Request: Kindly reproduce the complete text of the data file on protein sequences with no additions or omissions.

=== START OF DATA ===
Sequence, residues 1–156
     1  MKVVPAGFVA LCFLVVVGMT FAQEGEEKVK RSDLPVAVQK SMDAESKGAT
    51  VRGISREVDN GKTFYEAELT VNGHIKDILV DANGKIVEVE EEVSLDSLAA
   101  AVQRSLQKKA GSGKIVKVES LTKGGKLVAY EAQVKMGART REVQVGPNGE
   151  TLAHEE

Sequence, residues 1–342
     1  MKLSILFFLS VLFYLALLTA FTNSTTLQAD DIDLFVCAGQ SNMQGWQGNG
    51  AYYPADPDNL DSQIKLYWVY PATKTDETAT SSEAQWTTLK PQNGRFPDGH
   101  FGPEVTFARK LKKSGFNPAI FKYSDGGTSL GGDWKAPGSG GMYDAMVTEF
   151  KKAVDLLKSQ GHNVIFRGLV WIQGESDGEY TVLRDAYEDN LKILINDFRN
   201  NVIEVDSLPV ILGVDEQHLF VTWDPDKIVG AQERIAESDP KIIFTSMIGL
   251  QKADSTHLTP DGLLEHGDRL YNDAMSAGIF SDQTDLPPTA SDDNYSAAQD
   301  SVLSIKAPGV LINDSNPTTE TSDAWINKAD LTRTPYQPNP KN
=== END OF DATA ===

Sequence, residues 1–156
     1  MKVVPAGFVA LCFLVVVGMT FAQEGEEKVK RSDLPVAVQK SMDAESKGAT
    51  VRGISREVDN GKTFYEAELT VNGHIKDILV DANGKIVEVE EEVSLDSLAA
   101  AVQRSLQKKA GSGKIVKVES LTKGGKLVAY EAQVKMGART REVQVGPNGE
   151  TLAHEE

Sequence, residues 1–342
     1  MKLSILFFLS VLFYLALLTA FTNSTTLQAD DIDLFVCAGQ SNMQGWQGNG
    51  AYYPADPDNL DSQIKLYWVY PATKTDETAT SSEAQWTTLK PQNGRFPDGH
   101  FGPEVTFARK LKKSGFNPAI FKYSDGGTSL GGDWKAPGSG GMYDAMVTEF
   151  KKAVDLLKSQ GHNVIFRGLV WIQGESDGEY TVLRDAYEDN LKILINDFRN
   201  NVIEVDSLPV ILGVDEQHLF VTWDPDKIVG AQERIAESDP KIIFTSMIGL
   251  QKADSTHLTP DGLLEHGDRL YNDAMSAGIF SDQTDLPPTA SDDNYSAAQD
   301  SVLSIKAPGV LINDSNPTTE TSDAWINKAD LTRTPYQPNP KN